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Howell Township and Howell Township Municipal Utilities Authority v. Manasquan River Regional Sewerage Authority

Decided: February 9, 1987.

HOWELL TOWNSHIP AND HOWELL TOWNSHIP MUNICIPAL UTILITIES AUTHORITY, PLAINTIFFS-APPELLANTS,
v.
MANASQUAN RIVER REGIONAL SEWERAGE AUTHORITY, OCEAN COUNTY UTILITIES AUTHORITY, BOROUGH OF FARMINGDALE AND TOWNSHIP OF WALL, DEFENDANTS-RESPONDENTS. BOROUGH OF FREEHOLD, ERIC H. FOSTER, JR., AND EDWARD S. MACK, PLAINTIFFS-APPELLANTS, V. MANASQUAN RIVER REGIONAL SEWERAGE AUTHORITY, OCEAN COUNTY UTILITIES AUTHORITY, BOROUGH OF FARMINGDALE AND TOWNSHIP OF WALL, DEFENDANTS-RESPONDENTS. TOWNSHIP OF FREEHOLD, DAVID P. SEGAL, ROBERTA FRIEDMAN AND EVELYN CROSS, PLAINTIFFS-APPELLANTS, V. MANASQUAN RIVER REGIONAL SEWERAGE AUTHORITY, OCEAN COUNTY UTILITIES AUTHORITY, BOROUGH OF FARMINGDALE AND TOWNSHIP OF WALL, DEFENDANTS-RESPONDENTS



On appeal from the Superior Court of New Jersey, Chancery Division, Monmouth County.

King, Deighan and Havey. The opinion of the court was delivered by Havey, J.A.D.

Havey

The principal issue raised by these consolidated appeals is whether the Chancery Division has the inherent power to dissolve a local sewerage authority created under N.J.S.A. 40:14A-1, et seq. We conclude that the Chancery Division has no such power. We hold that a local sewerage authority may be dissolved only under the statutory framework provided by N.J.S.A. 40:14A-1, et seq., and the Local Authorities Fiscal Control Law, N.J.S.A. 40A:5A-1, et seq.

The issue comes to us by way of appeals from a summary judgment of the Chancery Division dismissing plaintiffs' complaints in which they sought an order: (1) dissolving defendant Manasquan River Regional Sewerage Authority (MRRSA) of which plaintiffs were constituent members; (2) invalidating a

service agreement between MRRSA and defendant Ocean County Utilities Authority (OCUA); (3) invalidating plaintiffs' service agreements with MRRSA; (4) compelling OCUA to assume MRRSA's existing indebtedness and to establish a uniform rate for all of its customers, and (5) compelling defendants Township of Wall and the Borough of Farmingdale, members of MRRSA, to join in a plan to dissolve MRRSA. Plaintiffs also sought damages against OCUA based on theories of negligence and intentional misrepresentation. We affirm the summary judgment dismissing plaintiffs' complaints to the extent that they sought an order dissolving MRRSA, compelling OCUA to assume MRRSA's debt and compelling Wall and Farmingdale to participate in the dissolution. However, we reverse the dismissal of plaintiffs' remaining claims. The Chancery Division judge failed to address whether there were genuine issues of material facts as to the remaining relief sought. We therefore remand for further proceedings.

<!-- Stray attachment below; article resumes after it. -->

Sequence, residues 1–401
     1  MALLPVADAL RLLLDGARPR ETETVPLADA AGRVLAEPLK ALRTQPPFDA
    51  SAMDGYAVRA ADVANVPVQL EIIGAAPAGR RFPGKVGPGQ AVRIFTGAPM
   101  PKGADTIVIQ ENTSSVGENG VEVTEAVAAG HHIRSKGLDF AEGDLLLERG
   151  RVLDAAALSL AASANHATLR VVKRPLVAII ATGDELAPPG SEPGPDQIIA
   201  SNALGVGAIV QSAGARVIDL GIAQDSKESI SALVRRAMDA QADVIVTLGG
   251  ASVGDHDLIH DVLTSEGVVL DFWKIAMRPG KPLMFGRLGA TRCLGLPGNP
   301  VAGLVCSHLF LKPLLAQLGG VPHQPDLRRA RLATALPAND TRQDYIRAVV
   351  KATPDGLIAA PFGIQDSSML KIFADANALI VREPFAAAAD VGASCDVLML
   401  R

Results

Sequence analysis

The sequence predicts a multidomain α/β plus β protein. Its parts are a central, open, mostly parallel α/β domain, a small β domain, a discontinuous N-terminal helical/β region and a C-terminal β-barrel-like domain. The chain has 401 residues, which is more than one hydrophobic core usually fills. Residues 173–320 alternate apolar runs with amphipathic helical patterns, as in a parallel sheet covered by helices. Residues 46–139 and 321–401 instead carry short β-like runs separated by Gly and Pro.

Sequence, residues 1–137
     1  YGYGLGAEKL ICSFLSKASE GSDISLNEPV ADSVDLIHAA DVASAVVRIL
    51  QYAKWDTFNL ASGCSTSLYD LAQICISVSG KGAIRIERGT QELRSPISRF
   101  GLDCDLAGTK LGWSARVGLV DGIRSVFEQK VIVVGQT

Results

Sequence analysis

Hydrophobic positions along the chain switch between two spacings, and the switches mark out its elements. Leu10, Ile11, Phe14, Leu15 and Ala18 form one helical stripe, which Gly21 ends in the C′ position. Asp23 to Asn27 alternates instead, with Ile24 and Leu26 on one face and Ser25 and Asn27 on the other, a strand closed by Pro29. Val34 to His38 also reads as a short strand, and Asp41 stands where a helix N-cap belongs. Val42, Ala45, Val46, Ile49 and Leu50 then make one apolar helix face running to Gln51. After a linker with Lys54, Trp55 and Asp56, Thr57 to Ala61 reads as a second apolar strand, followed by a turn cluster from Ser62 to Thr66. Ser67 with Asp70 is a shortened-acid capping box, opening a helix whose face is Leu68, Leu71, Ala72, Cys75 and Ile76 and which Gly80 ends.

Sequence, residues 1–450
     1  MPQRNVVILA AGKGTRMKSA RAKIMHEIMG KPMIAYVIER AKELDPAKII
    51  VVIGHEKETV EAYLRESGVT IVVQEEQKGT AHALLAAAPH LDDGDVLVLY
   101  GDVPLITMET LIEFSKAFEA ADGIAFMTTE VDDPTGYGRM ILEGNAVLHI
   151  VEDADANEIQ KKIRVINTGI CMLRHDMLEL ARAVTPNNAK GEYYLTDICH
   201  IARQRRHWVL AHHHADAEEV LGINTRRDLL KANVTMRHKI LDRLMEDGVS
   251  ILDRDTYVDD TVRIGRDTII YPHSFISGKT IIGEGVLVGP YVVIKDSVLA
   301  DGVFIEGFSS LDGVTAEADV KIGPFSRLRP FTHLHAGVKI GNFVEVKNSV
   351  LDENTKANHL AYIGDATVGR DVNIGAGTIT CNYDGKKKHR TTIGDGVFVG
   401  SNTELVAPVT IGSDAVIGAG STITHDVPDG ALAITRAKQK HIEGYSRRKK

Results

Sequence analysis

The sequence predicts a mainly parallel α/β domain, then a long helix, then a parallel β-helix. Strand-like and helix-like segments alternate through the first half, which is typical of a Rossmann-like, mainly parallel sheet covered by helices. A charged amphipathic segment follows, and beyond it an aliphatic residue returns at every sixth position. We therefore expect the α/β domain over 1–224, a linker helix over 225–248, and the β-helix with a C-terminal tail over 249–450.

MRRSA was created in 1972 pursuant to N.J.S.A. 40:14A-1 by parallel ordinances adopted by the five participating municipalities: plaintiffs Borough of Freehold, Howell Township, Township of Freehold, and defendants Borough of Farmingdale and Township of Wall. MRRSA originally planned to construct both a waste-water treatment facility and regional collection system to collect and treat the waste-water flow generated in its service area. It contemplated installation of regional interceptor sewer lines paralleling major streams in the region which would convey the waste water to a treatment plant to be constructed by MRRSA in Wall Township.

However, in 1980 federal and state environmental agencies directed MRRSA to explore the possibility of using existing treatment facilities then in place in Ocean County and operated by OCUA. Plaintiffs claim that during negotiations between MRRSA and OCUA in 1980 and 1981, OCUA estimated that its "user" charge of $850 per 1,000,000 gallons would not increase significantly over the next four years. According to plaintiffs, federal and state officials, relying upon OCUA's projection,

determined that no grants would be given to MRRSA to assist in the construction of its own regional waste-water treatment facility. As a result, MRRSA abandoned its plan to construct the plant. Instead, it decided to construct interceptor sewer lines to collect untreated sewage from its member municipalities and convey it to OCUA's plant for treatment and disposal.

On September 16, 1981, MRRSA and OCUA entered into a service contract under which OCUA agreed to collect and treat MRRSA's waste water. Following the execution of the service agreement, MRRSA entered into agreements with its member municipalities obligating MRRSA to construct force mains and an interceptor system to transport the waste water to OCUA's facility in Ocean County. The system is presently in place and operating. MRRSA issued temporary bonds to finance the construction of these improvements, and on July 12, 1984, approved a bond resolution authorizing issuance of $21,000,000 in permanent bonds. We are advised that sale of the permanent bonds has been withheld pending disposition of this action and that temporary financing is continuing.

According to plaintiffs, OCUA increased its rate from $850, charged in April 1981, to $1,800 per 1,000,000 gallons, charged in January 1984. MRRSA collects OCUA's fee from its members and adds an additional fee to cover its own capital reserves, insurance costs and the payment of principal and interest on the interim financing. As of the date of plaintiffs' complaints, February 8, 1985, MRRSA had proposed a bulk rate to be charged its member municipalities of $3,022 per 1,000,000 gallons.

Plaintiffs instituted these consolidated actions, claiming that MRRSA has become a ". . . superfluous administrative agency [which] should be dissolved." They sought dissolution of MRRSA and an order compelling OCUA to assume MRRSA's indebtedness. Plaintiffs alleged that the service agreement between MRRSA and OCUA resulted ...


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